Paul Jones – Music News

The year we celebrate the first Rolling Stones concerts, Paul Jones releases a collection to remind us that he was also there in the early days of the British blues boom and has been a constant in the blues ever since. He was actually invited by Brian Jones and Keith Richards to form a band with them but later joined Manfred Mann while the other two turned to Mick Jagger, at Alexis Korner’s request, and the Rolling Stones were born .

The album has 21 tracks, all featuring him as writer or co-writer, from his time with Manfred Mann, The Blues Band, Mick Pini & Guido Toffoletti’s Blues Society as well as solo material and, in slightly loose order. -chronologically, it manages to show the progression of the dean of British Blues – a man with more accolades as a singer, harmonica player, radio DJ and father of the Blues than some of us have chromosomes.

The first material with Manfred Mann is raw, with Jones performing a much lower vocal pitch than his natural vocal style, but gradually improving as he found his natural style. His harmonica playing from the start was one of his strengths and it’s a constant through the 21 tracks here.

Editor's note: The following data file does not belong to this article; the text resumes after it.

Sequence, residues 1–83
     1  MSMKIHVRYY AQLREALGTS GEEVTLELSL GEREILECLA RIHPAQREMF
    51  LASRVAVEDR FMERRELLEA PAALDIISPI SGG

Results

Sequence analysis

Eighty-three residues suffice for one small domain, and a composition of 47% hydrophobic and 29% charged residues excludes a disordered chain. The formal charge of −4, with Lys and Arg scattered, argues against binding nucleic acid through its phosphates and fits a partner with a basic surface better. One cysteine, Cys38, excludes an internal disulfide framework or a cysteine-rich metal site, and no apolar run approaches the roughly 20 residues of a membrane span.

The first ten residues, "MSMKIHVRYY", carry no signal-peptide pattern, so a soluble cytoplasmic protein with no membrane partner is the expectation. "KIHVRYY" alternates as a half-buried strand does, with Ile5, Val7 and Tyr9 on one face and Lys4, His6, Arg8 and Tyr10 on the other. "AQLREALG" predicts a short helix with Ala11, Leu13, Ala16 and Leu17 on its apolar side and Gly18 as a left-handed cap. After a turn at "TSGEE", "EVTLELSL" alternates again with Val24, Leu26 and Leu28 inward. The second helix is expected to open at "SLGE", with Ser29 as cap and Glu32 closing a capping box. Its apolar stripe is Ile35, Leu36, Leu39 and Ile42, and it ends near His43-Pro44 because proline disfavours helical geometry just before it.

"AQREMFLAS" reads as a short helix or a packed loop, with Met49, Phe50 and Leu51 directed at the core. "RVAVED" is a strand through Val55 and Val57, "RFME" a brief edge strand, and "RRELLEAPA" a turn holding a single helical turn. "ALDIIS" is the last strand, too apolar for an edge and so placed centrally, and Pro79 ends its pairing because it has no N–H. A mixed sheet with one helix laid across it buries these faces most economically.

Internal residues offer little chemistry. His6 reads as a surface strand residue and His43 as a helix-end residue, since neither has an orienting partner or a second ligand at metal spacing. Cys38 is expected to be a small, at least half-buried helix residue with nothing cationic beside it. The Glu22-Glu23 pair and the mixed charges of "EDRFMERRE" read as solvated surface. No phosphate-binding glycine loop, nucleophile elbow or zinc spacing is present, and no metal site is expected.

His solo material was never as successful as material with other bands, but tracks such as ‘Sonny Boy Williamson’, co-written with Jack Bruce and featuring only the two, and ‘The Pod That Came Back’ or ‘Suddenly I Like This is classic Blues and really works to show off his vocal quality.

The Blues Band was the band he formed with Tom McGuiness (ex-Manfred Mann) and Hughie Flint (ex-John Mayall & The Bluesbreakers) and the songs with this combo definitely sound the most adult and classic. ‘It’s Got To Be The Blues’ is a joy with a horn section and Dave Kelly’s slide guitar.

“Living For The Day” is a live track with Guido Toffoletti’s Blues Society (Toffoletti was another artist connected to Alexis Korner), a Blues with great swing and “Like Mother, Like Daughter” is with Mick Pini and a very laid back and the eighties number.

Paul Jones has been around since the start of the Blues Boom and his influence can be found throughout British Blues – this album is a fine collection of his own favourites.

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